The Seattle Mariners have decided it's time to bring in the fences at historically pitcher-friendly Safeco Field next season after yet another season that saw them again near the bottom of the league in Home Runs and Runs Scored. The biggest difference will come from the left-center field wall as it will come in nearly where the warning track begins now. The right field wall will stay exactly where it is now.
I believe that the move to bring in the fences is long overdue and that it is the right move for a team that has failed to put up big fly's in front of it's home fans for consecutive seasons. In addition, the move will make Seattle a more attractive destination to hitters this offseason.
The Mariners pitching staff will likely be effected the most by these smaller dimensions, however, I believe the team is in greater need of an offense that can hit the ball out of the park rather than a pitching staff that has more room to allow deep fly balls. Since the days of the Kingdome, the Mariners have been a base-to-base style offense, playing more as a National League small ball team than as an American League home-run hitting team (see NY Yankees, a.k.a. "Bronx Bombers"). This offseason was poised to be an interesting one to follow for the M's before this decision, now the decision to bring the fences in will surely attract more free agents to ponder Seattle as their final destination for the 2013 season and that should send excitement to Mariners fans as they have been hungry for a home offense that can compete with Beasts in the East.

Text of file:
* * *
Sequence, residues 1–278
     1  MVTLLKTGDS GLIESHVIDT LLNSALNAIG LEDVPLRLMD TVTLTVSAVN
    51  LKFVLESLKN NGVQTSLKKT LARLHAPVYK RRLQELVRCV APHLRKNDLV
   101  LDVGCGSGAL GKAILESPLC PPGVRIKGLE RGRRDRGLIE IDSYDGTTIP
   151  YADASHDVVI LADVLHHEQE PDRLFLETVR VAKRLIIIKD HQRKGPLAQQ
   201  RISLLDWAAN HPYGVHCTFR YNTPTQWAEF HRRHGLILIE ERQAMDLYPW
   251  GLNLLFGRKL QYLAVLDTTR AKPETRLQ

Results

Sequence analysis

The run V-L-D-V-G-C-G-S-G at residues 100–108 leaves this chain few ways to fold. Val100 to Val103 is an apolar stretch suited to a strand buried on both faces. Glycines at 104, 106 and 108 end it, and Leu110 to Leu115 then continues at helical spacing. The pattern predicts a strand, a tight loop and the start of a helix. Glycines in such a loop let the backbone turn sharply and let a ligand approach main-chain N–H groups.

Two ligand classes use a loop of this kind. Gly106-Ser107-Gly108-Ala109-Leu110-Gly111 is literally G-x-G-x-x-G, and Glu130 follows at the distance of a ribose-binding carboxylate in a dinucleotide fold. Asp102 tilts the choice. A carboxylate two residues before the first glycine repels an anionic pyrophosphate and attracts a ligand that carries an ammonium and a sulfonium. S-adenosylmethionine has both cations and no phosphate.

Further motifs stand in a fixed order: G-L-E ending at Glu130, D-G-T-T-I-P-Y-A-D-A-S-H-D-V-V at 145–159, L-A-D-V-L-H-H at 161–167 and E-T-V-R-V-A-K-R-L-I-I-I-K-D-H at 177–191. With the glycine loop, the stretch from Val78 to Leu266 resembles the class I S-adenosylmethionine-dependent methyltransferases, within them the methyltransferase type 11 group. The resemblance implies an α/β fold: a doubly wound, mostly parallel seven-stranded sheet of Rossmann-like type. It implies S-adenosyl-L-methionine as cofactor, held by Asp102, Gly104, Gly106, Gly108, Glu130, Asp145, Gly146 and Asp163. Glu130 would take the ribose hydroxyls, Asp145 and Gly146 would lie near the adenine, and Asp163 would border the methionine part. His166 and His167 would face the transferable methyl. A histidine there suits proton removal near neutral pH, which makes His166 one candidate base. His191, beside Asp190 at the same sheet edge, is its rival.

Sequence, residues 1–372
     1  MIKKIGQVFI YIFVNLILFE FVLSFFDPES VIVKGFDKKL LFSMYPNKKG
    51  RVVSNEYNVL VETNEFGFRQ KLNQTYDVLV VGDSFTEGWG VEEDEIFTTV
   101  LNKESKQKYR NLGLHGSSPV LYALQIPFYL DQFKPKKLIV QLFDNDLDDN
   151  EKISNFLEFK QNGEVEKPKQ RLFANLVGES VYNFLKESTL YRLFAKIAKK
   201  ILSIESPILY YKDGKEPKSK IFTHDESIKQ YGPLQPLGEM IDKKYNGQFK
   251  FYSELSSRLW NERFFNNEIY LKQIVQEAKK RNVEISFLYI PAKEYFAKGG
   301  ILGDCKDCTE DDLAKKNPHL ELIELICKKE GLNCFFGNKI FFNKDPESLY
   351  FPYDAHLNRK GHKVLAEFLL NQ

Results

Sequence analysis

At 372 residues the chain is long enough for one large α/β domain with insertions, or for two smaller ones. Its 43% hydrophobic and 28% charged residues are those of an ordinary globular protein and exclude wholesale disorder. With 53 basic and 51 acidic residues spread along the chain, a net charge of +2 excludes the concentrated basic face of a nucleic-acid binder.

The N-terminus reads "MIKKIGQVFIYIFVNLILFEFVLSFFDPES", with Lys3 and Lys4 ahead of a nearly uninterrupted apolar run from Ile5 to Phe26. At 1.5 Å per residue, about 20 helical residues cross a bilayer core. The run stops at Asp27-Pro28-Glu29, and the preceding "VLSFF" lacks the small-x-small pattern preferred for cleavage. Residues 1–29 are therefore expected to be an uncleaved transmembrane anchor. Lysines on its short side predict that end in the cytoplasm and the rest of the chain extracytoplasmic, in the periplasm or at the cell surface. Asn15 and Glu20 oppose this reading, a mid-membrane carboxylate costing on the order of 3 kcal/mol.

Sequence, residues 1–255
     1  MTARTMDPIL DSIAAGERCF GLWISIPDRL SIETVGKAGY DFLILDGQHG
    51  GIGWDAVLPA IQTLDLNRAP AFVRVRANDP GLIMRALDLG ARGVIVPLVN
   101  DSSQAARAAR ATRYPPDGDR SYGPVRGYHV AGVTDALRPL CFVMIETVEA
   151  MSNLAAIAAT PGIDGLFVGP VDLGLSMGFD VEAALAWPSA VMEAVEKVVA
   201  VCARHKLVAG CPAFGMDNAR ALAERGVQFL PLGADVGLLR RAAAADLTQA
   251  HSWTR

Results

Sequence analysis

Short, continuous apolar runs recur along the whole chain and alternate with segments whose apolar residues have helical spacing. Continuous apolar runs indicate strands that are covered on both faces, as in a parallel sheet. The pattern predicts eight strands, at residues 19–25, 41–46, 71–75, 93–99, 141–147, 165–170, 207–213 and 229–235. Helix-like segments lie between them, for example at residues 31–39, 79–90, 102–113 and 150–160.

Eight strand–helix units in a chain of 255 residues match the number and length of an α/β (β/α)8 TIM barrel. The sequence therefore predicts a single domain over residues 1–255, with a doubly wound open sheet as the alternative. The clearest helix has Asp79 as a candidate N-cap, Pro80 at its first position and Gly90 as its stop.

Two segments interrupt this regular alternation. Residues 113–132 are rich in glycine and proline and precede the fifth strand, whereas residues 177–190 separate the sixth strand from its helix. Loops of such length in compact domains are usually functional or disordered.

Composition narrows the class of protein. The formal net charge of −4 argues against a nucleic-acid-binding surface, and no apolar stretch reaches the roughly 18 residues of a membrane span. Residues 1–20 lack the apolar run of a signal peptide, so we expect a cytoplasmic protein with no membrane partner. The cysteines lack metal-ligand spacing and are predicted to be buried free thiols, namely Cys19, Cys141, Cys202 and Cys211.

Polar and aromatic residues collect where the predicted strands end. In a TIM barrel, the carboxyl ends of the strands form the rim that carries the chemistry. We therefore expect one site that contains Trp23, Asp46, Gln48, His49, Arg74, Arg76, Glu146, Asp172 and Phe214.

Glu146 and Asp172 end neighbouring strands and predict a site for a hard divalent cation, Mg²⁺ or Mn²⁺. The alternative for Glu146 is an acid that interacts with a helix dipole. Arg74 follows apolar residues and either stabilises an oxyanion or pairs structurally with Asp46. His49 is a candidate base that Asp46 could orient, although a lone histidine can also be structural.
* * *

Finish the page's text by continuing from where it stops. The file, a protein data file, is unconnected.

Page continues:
This season, Seattle had one of the best road offenses in the American League, but were dead last in Runs Scored at home. This surely played in to the decision to bring in the fences. Something's gotta give, right? How can a team that plays so well in other ballparks around the league in front of hostile crowds, play so poorly at home in front of their own home fans? The answer lies in the spacious confines they call home.
Next season will be a new chapter for the Seattle Mariners and changes to the fence will not necessarily mean more runs, a makeover of the offense will probably be in the makings as well. And the smaller field will help in the efforts to attract a free agent to the lineup. There is hope for an outbreak next season from the Seattle Mariners as now Manager Eric Wedge has been with the team for a couple seasons and knows the players and the system, and vice versa, and trust and belief will go a long ways in getting these young studs the opportunity they need to succeed.
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